Inflation Reduction Act Delivers for Elders


The Inflation Reduction Act has decreased prices for seniors. (Courtesy of Twitter)

In August 2022, President Joe Biden signed a bill named the Inflation Reduction Act which would lower climate change effects like greenhouse gas emissions, decrease health costs and increase taxes for large companies and rich investors. More specifically, the bill “invests $370 billion in spending and tax credits” to expand federal health-insurance subsidies by allowing the government to “negotiate prescription drug prices for seniors on Medicare” and encourage use of low-emission energy forms. This bill is expected to decrease the federal deficit by $300 billion over a span of 10 years by increasing taxes by $300 billion on corporations and large firms. The bill also provides funding for the Internal Revenue Service to follow up on tax evasion and gather the potential billions of dollars owed to the government by companies and wealthy individuals.

Although the bill does seem to address some key points about climate change and prescription drug prices for seniors, a majority of Republicans voted against the act, citing that the law would be “discouraging investment in life-saving cures” by trying to control prices. While this is a definite concern, it is more important for the elderly to be able to afford their prescriptions. 

There are many elderly people on Medicare are grateful for the new bill. For example, diabetes affects about one third of the elderly population in America and 10.5% of the total population, yet insulin and other equipment required for diabetes care is expensive. For one elderly individual with Type 2 diabetes, his total insulin tab in 2022 was $1,582, which included costs made out of pocket such as “a deductible of $480, monthly supplies of two forms of insulin and higher prices once he entered the ‘coverage gap.’” This is especially difficult for elderly individuals as they aren’t working as much as they used to or have retired, meaning that it is tougher to pay these expenses. 

Due to these overblown prices, many people with diabetes aren’t able to afford their medication and are forced to ration their supplies or skip out on taking them for some time. While this can save them money in the short run, it leads to health complications for individuals which land them in the hospital, forcing them to pay more money. The Inflation Reduction Act will help individuals with Part D Medicare Advantage plans or other plans with Medicare by putting a “$35 monthly cap on insulin” which would apply immediately for individuals, meaning they wouldn’t have to pay the deductible. Overall, this monthly cap would save individuals an average of about 35% and would be especially beneficial to individuals who pay thousands of dollars on insulin. Adult vaccines under Part D would also be free, which would allow many elderly individuals with Part D plans on Medicare to receive helpful vaccines such as the shingles vaccines which were once very expensive.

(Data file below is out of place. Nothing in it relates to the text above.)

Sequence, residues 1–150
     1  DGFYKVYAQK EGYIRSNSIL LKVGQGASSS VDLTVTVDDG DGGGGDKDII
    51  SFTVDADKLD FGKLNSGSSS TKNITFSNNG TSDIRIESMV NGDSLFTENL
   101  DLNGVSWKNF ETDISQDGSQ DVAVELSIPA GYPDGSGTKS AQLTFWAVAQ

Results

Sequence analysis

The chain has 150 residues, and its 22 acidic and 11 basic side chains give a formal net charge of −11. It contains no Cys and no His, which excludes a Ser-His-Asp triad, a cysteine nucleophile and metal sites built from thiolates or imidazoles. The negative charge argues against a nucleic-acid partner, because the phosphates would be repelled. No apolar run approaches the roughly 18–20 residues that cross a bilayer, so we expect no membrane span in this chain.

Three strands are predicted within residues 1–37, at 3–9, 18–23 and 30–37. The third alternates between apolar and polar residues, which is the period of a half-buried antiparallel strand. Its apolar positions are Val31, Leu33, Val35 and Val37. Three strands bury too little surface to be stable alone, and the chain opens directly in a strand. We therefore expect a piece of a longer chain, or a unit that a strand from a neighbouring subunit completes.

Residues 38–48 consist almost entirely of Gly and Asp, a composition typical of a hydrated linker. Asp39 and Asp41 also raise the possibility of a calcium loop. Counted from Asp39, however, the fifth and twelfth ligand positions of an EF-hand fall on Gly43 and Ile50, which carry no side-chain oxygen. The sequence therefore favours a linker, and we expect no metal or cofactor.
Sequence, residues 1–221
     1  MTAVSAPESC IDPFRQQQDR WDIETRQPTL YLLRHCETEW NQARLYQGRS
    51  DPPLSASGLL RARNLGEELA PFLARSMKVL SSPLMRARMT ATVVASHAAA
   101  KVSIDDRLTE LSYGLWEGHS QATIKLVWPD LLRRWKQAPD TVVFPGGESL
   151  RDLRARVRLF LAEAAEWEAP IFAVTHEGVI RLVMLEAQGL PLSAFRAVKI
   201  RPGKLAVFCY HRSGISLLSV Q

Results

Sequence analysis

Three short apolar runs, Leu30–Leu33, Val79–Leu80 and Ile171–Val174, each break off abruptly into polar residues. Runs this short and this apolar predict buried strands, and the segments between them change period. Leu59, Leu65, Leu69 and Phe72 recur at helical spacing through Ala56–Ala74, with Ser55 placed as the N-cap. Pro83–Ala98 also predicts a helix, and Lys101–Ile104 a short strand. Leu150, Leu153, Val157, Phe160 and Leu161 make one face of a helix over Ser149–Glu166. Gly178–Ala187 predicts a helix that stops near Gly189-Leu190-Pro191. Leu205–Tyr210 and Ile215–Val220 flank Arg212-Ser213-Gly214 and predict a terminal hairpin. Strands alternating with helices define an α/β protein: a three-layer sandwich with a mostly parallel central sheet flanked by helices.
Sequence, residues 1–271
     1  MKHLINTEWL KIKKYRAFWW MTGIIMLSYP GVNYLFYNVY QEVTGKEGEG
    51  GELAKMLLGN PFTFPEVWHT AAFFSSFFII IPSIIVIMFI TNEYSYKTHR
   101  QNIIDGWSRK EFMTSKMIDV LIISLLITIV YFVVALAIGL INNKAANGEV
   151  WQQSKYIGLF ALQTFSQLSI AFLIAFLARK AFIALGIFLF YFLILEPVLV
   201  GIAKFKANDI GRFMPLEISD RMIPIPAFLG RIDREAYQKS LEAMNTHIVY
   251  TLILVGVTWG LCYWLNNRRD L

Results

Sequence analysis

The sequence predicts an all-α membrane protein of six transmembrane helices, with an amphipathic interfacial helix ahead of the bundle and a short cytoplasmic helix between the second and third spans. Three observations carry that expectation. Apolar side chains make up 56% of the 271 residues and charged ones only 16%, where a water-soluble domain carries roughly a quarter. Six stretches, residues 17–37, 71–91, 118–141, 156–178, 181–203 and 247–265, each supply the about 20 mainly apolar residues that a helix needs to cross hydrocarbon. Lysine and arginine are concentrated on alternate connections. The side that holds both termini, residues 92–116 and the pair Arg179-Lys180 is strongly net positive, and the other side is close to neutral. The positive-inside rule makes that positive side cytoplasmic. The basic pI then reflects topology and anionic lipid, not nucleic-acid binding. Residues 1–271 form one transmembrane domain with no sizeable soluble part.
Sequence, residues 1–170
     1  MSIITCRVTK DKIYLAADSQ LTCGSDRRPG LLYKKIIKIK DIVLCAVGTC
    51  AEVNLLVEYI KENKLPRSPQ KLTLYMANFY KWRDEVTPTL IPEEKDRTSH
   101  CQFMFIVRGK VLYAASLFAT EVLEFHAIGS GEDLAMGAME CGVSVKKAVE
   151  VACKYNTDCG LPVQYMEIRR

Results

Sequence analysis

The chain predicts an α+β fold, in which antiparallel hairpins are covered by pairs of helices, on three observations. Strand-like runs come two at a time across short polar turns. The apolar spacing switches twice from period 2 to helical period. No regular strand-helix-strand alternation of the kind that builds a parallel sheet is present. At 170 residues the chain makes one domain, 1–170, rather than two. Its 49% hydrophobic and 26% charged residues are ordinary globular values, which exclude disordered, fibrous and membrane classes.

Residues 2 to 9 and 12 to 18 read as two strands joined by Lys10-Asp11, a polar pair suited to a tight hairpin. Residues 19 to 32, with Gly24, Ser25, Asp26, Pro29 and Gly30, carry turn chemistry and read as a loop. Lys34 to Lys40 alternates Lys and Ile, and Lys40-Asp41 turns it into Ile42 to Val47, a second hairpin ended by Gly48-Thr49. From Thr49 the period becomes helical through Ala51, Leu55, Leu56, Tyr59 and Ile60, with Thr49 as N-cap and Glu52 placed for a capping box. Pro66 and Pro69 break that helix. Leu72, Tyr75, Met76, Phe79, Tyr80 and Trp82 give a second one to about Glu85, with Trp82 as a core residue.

Additionally, under the bill, for drugs under Part D and some for Part B, drug manufacturers would have to pay rebates to Medicare for drug prices, which rise faster than the inflation rate. In theory, it is expected that drug prices would decrease due to the penalties of having to pay rebates. In 2024, Medicare will limit out of pocket spending to $3,250 and widen low-income subsidies. In the following year, the limit will be set to $2,000. This will be advantageous to individuals who have expensive medication or who have to pay for multiple medications. Overall, this act would reduce the financial burden of medication for many seniors on Medicare. It would allow them to afford the medication without having to resort to choosing between their health and other aspects of their life.

While the hindering of drug development is a significant problem, it is equally as important for people to be able to afford medication. The Inflation Reduction Act targets only a subset of people who need medication (seniors with Part D Medicare), but it is a step towards the right direction. Elderly citizens shouldn’t have to choose between buying their medication and other important expenses such as food or bills. When a vulnerable part of the population isn’t able to afford treatment for something that is available, it negates a lot about that valuable treatment as it isn’t able to reach the people who really need it. Providing pharmaceutical companies funding for drug development is important, but it is also important for people to not be financially burdened when getting their medication. Hopefully people who purchase medicine in the future can also benefit from an act like this.

Saisha Islam, FCRH ’25, is a biology major from New York, N.Y.